Within this paper, the differences between a summer and winter beach will be explained thoroughly, and the sand samples taken from the back shore portion of Huntington Beach, located in South Carolina, will be used as proof of these differences. The sand samples taken at both summer and winter periods will be defined and analyzed in great detail, as will the beach area itself. Once having read this paper, the general background information on the type of sand collected, specifically about Huntington Beach, will be evident, as will the differences in the beach during winter and summer time. The samples will be described thoroughly, and lab work and findings will be summarized ...view middle of the document...
The crucial element to this equilibrium is the berm, which is the part of the beach that changes most during the seasonal cycle. The summer beach tends to possess large berms, small offshore sand bars, and contain more fine sediments in beach deposits (Shoreline Processes).
Seasonal Changes in Beach Activity
Along numerous coasts, wave activity is most energetic during winter months and fairly mild during summer months (Beach Profiles). Consequently, beach profiles are referred to as "winter profiles" and "summer profiles" because they reflect the natural modification to the seasonal wave energy. Many researchers have acquired frequent profiles over several years to demonstrate this fluctuation between seasonal beach states profiles. The results from these studies have revealed that beach sediment is not necessarily "lost" during erosion events, it simply moves offshore to create submarine sand bars (Beach Profiles). Unfortunately, beach sediment is truly lost from coastal systems, however, when the source of sediment from rivers to the ocean is cut in by dams or other human activities.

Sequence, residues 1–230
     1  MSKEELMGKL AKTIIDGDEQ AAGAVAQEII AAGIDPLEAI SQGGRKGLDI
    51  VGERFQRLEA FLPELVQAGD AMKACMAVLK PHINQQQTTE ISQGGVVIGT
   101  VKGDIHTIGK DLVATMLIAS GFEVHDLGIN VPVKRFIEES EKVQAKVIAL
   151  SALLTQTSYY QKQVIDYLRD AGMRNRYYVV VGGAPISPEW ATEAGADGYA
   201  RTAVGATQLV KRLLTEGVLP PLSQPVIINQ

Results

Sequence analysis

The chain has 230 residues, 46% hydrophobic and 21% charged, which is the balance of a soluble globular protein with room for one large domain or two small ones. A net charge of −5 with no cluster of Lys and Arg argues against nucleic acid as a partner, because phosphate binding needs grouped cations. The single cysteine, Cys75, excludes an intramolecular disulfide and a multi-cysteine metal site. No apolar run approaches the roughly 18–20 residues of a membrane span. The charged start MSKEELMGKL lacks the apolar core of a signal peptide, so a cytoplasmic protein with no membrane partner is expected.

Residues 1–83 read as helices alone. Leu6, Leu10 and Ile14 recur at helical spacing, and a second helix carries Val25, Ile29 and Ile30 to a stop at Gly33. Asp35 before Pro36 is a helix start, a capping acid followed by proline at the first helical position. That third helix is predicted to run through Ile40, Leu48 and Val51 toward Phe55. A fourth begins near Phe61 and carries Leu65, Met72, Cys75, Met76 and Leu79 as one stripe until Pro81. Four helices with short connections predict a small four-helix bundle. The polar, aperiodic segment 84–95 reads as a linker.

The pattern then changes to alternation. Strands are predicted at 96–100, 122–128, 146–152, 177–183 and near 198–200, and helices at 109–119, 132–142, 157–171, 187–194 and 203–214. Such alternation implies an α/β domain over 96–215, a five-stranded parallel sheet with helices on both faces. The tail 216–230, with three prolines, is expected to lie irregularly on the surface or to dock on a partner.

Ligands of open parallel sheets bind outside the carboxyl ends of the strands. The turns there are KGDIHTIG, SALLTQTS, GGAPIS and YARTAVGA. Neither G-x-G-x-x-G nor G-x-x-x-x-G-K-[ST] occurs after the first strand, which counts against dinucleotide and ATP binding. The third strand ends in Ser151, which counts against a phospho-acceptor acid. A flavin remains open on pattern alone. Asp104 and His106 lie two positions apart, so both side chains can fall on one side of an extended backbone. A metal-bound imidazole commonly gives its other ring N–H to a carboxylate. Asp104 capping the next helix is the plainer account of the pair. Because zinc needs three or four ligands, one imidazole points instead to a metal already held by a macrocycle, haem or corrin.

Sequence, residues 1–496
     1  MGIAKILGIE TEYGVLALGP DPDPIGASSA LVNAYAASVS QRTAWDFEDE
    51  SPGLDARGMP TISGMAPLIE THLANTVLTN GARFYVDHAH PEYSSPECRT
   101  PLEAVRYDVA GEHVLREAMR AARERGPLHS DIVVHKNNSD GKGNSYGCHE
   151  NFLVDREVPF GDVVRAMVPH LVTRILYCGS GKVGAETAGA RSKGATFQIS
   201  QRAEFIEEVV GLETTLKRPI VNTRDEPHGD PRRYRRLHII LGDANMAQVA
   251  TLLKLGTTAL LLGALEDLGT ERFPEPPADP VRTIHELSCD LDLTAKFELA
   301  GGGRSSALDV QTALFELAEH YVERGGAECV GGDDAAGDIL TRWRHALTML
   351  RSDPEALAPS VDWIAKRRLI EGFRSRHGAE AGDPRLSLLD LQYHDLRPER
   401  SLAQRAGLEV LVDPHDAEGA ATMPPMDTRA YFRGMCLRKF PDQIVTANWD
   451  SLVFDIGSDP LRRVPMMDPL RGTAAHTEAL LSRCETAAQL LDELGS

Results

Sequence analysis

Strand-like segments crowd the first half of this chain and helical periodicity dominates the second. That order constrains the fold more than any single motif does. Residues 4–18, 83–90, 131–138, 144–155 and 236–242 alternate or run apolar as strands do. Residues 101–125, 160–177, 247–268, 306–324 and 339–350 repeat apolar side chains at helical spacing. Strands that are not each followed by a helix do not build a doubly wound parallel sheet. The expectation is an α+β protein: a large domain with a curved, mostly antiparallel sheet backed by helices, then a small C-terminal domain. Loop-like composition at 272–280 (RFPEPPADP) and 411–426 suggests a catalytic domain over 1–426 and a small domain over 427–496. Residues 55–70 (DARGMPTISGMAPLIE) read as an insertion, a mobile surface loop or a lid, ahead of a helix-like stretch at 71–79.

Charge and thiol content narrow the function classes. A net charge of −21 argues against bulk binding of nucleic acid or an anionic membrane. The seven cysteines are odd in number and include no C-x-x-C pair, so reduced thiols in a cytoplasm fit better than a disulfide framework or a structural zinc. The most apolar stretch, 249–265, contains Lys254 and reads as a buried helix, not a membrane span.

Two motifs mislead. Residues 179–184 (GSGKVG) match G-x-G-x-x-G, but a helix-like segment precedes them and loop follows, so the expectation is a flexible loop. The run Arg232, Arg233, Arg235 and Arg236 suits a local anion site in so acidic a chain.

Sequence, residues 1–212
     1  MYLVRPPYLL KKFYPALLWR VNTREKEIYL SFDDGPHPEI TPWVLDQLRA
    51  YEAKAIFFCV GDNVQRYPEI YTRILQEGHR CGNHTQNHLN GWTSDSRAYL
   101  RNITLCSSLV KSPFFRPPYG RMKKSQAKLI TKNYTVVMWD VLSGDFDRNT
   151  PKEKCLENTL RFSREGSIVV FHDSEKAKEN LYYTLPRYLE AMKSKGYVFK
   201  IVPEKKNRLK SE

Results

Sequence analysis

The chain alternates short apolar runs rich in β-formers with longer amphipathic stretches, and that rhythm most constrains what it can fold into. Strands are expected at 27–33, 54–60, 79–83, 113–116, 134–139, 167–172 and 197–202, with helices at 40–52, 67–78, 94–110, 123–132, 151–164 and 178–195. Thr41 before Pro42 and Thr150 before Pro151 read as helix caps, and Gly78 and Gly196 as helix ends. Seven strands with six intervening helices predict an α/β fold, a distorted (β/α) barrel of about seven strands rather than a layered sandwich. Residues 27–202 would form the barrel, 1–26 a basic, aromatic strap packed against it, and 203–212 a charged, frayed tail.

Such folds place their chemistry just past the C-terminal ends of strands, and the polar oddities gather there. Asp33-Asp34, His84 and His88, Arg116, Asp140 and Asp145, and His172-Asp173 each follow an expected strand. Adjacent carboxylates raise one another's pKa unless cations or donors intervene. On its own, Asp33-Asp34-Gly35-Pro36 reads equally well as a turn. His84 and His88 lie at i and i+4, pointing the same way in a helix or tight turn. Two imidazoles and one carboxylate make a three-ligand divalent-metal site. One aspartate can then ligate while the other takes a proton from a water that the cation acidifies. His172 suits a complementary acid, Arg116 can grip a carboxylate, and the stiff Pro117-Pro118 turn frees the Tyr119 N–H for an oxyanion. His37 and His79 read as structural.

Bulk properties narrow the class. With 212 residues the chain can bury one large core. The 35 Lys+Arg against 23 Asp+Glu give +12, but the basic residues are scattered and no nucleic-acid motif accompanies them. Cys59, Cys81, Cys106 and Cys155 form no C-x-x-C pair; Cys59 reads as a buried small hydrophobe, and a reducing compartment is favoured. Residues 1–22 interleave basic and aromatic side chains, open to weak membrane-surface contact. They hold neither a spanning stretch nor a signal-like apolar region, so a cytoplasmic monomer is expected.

Shoreline development signifies the equilibrium of sediment supply, wave energy, and shoreline geometry; when one of these elements changes, the others will re-equilibrate (Shoreline Processes). This happens during seasonal change. We generally see characteristic change between summer and winter beach profiles. Typically, beaches and dunes experience a seasonal alteration from a “summer” beach to a "winter" beach. A summer beach has a wide, well-developed berm, often accompanied by a vegetated dune where American beach grass grows seaward onto the berm (Learn More about Beaches and Dunes). A winter beach is lower, may not have a berm, and often shows signs of loss of beach grass.
In the above discussions of seasonal differences in beach profiles, we are considering the effects of cross-shore sediment transport – in other words, the changes that cause beaches to switch between "barred" (winter) profiles and "bermed" (summer) profiles (Beach Profiles). These two types of profiles result in narrow beaches in the winter and wide beaches in the summer. But if there is an overall decrease in longshore sediment transport, from a decrease in sediment supply, both the summer and winter profiles give narrower beaches than their "full supply" states (Beach Profiles).
Background on Huntington Beach
The coastal climate of...